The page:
Spring Program (Thursdays, 1 – 2:30 pm)

April 6 – May 25

$150 per pair for all 8 sessions

Winnipeg Art Gallery, 300 Memorial Boulevard

Register now on their website!

Developed in partnership with WAG-Qaumajuq, the Alzheimer Society of Manitoba, and the University of Manitoba College of Rehabilitation Sciences.


Tales Along the Trail

Enjoy Manitoba’s spring awakening! Watch as snowy landscapes turn lush green, hear the songs of migrating birds and smell the first flowers in the forest. During Tales Along the Trail, participants will encounter the natural world in a safe and exciting way. An experienced naturalist will guide the group along FortWhyte’s gentle pathways. Each session wraps up with stories, tea and a tasty treat around a toasty campfire.

Spring Program (Wednesdays, 2 – 3:30 pm)

May 3 – June 14

$126 per pair for all 7 sessions

FortWhyte Alive, 1961 McCreary Road

Please contact bmiller@fortwhyte.org for a link to register for this program.

Developed in partnership with FortWhyte Alive and the Alzheimer Society of Manitoba. 


Minds in Motion®

Our popular Minds in Motion® program connects people living with early to moderate signs of dementia and their care partners through fitness, fun and friendship. Participants take part in a gentle chair fitness class followed by socially engaging activities and conversation.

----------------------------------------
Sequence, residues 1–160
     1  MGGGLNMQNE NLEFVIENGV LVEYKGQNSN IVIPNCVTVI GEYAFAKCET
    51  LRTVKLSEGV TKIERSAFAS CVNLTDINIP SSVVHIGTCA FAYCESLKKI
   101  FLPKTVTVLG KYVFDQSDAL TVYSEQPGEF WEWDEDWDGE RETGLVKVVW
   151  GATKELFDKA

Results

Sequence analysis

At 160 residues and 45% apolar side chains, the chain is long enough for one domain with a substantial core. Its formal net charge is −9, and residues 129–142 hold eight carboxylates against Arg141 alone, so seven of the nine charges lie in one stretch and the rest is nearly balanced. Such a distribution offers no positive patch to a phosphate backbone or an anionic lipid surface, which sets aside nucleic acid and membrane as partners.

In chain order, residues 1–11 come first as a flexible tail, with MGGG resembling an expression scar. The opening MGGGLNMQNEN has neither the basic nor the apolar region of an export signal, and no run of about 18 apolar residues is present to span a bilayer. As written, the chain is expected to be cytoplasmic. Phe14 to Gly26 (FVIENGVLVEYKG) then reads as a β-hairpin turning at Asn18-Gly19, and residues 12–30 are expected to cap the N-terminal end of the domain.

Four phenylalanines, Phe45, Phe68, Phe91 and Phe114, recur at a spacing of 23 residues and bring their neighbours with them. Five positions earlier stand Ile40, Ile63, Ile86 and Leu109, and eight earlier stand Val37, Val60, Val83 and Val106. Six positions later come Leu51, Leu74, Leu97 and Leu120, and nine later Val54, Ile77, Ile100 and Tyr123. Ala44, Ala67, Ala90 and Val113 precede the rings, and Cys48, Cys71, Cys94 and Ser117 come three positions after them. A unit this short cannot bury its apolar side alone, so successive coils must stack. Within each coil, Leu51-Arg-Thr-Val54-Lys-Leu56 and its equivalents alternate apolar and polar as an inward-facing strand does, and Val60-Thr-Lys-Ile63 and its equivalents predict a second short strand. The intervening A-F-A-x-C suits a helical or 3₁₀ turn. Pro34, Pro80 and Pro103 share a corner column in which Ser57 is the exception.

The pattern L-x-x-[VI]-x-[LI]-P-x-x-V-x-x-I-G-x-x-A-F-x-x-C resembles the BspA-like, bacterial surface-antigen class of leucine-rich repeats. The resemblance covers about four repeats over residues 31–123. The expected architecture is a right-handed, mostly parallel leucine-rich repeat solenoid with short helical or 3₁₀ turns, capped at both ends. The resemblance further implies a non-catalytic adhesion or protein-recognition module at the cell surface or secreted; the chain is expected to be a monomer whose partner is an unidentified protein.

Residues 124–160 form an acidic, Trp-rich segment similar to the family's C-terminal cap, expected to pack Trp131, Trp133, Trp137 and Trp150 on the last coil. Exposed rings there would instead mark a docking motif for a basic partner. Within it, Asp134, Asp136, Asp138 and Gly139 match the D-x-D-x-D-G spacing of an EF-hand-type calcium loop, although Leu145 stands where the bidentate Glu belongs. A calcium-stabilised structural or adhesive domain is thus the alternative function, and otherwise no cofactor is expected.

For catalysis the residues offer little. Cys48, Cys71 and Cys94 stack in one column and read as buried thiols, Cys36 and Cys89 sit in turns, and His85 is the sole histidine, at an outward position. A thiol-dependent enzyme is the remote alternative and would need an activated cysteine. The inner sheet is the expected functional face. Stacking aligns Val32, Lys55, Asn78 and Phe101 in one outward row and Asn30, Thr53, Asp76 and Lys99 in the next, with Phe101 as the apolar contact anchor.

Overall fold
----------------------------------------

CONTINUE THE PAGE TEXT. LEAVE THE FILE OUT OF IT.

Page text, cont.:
There are lots of laughs and social interactions during these sessions! We are excited to offer both in-person and virtual options.

Our spring sessions will begin the week of April 10th, 2023. Dates, times and registration information are available now! Click here to learn more and to register.




Join a Support Group!

A group of people listening to a speakerIf you are living with or supporting someone living with dementia, our support groups are for you! Alzheimer’s disease and other forms of dementia can leave you feeling isolated, but you are not alone. There are other people who share this journey with you, and we invite you to come meet them.